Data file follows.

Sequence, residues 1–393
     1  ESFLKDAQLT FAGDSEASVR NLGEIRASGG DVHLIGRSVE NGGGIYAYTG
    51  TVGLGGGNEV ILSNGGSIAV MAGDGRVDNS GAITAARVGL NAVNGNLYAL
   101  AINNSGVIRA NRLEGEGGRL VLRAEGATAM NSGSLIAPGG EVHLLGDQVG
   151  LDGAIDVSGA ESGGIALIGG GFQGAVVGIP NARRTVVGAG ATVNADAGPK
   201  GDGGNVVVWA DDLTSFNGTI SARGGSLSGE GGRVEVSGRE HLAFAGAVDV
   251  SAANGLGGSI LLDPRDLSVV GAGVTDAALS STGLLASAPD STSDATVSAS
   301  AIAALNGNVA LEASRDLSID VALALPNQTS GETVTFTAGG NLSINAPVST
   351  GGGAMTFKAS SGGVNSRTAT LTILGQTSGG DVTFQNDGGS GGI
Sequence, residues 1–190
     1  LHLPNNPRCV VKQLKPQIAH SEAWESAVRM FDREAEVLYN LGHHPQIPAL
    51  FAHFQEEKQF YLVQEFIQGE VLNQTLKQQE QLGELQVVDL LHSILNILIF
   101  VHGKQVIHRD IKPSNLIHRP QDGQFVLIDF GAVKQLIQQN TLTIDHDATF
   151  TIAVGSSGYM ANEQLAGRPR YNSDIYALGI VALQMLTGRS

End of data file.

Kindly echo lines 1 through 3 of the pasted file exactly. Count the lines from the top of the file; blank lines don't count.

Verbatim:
Sequence, residues 1–393
     1  ESFLKDAQLT FAGDSEASVR NLGEIRASGG DVHLIGRSVE NGGGIYAYTG
    51  TVGLGGGNEV ILSNGGSIAV MAGDGRVDNS GAITAARVGL NAVNGNLYAL